After my high school graduation, one of my brothers suggested that I attend pharmaceutical school. But the rest of my family urged me to continue my religious study. So I enrolled at Al-Azhar University in Cairo and chose to study in the College of Arabic Language, just as my uncle, who was my mentor, did before me.
Any person from a Muslim background is familiar with Al-Azhar University because it is the most powerful school in the Islamic world. Its influence is difficult to describe to westerners because there is no university in the Western world with an equivalent status. It is amazingly large—up to ninety thousand students at campuses throughout Egypt. It is surprisingly old—the Great Mosque at Al-Azhar was completed in A.D. 972, and academic lectures began three and one-half years later.1 It is unanimously respected—described in Islamic media as “Sunni Islam’s highest authority.”
I always enjoyed studying history, so I chose to major in Islamic history and culture. I wanted to learn more about the patience, courage, and commitment of Muhammad and his companions that I admired so much.
On my first day of classes, I received a surprise introduction to the type of education I was about to receive. The sheikh who taught the first lecture of the day was a short man with dark skin, a small moustache, and very thick glasses. He told us: “What I tell you should be accepted as truth. I will not allow any form of class discussion. What I do not say is not worth knowing. Listen and obey, and do not ask any questions.”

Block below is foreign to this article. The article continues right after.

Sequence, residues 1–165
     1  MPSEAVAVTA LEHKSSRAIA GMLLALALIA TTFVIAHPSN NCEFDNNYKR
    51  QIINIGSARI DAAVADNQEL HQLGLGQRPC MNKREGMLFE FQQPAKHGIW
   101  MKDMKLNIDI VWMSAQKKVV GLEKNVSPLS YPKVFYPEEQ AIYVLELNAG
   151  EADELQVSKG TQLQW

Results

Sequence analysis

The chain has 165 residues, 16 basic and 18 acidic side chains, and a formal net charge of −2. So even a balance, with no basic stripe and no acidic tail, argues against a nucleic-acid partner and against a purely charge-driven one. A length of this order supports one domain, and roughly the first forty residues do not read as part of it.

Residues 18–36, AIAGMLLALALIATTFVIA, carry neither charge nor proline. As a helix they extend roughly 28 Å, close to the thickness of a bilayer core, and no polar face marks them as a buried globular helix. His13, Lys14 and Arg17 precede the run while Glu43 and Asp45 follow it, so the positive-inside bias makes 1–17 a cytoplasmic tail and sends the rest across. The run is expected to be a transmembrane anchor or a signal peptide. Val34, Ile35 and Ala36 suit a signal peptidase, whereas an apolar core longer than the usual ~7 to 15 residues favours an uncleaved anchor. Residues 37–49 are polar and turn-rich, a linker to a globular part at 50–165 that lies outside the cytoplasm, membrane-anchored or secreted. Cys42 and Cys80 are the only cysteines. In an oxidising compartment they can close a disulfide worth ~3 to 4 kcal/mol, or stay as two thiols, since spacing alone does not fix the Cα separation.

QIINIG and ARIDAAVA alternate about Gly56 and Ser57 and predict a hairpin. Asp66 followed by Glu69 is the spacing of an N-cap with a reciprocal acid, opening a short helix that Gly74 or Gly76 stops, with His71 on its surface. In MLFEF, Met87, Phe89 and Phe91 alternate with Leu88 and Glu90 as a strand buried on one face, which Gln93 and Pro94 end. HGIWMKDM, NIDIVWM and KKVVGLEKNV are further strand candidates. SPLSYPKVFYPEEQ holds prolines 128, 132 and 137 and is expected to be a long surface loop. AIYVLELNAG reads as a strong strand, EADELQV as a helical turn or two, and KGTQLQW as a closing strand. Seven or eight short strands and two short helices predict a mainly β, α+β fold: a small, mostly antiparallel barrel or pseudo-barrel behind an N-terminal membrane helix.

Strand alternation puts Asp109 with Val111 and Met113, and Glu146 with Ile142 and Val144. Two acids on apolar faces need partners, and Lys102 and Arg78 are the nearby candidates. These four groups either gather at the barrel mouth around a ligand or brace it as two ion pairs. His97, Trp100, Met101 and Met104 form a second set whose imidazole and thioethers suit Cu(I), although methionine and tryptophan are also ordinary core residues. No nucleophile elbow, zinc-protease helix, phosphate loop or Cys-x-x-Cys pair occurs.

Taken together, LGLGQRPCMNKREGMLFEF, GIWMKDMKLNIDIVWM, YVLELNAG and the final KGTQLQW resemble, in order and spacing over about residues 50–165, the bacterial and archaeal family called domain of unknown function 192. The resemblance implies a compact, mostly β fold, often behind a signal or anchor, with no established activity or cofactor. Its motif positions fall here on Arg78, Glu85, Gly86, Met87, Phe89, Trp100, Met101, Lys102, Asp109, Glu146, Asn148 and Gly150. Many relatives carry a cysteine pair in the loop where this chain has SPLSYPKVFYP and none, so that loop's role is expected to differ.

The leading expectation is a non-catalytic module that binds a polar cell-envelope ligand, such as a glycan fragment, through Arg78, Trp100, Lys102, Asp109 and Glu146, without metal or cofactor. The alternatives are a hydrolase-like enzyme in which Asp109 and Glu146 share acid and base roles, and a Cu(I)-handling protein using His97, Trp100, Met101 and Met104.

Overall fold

I was disturbed by this philosophy, and I stood up to speak. The sheikh noticed me right away because I was sitting in the second row. I said, “O master sheikh, how can there be teaching without questions?”
“Where are you from, boy?” he demanded.
“From Egypt,” I replied, forgetting that it was obvious that I was Egyptian.
“I know—but from where in Egypt?”
I told him the name of my region, and he retorted, “So, then, you are an ignorant jackass!” He said that because people from my region were looked down on.
I replied, “Yes, I must be a donkey to leave my home and come here and be insulted!”
The class was silent. I slid out of my row of seats and headed toward the door to leave. The sheikh shouted at me, “Stop, you animal! What is your name?”
“It’s no honor for me to tell you,” I said coldly.
At this the sheikh became enraged and began ranting about crossing my name off the university list and throwing me out on the streets. I left the room and went directly to the dean of the faculty. I told him what happened. After the sheikh was finished with his class, the dean called him into the office.